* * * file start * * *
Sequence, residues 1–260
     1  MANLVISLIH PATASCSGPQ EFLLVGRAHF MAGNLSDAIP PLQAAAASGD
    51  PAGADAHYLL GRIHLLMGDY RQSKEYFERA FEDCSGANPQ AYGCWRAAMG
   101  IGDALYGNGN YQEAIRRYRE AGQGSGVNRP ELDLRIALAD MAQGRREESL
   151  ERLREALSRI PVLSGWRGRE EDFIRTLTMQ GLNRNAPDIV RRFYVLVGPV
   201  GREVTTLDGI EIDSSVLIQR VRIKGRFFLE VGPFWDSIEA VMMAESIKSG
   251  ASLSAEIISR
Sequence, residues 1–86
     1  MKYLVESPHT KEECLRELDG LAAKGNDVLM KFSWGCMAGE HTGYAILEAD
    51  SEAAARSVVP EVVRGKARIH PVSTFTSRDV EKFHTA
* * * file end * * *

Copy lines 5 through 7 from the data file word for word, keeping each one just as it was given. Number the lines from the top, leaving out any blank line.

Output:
   151  ERLREALSRI PVLSGWRGRE EDFIRTLTMQ GLNRNAPDIV RRFYVLVGPV
   201  GREVTTLDGI EIDSSVLIQR VRIKGRFFLE VGPFWDSIEA VMMAESIKSG
   251  ASLSAEIISR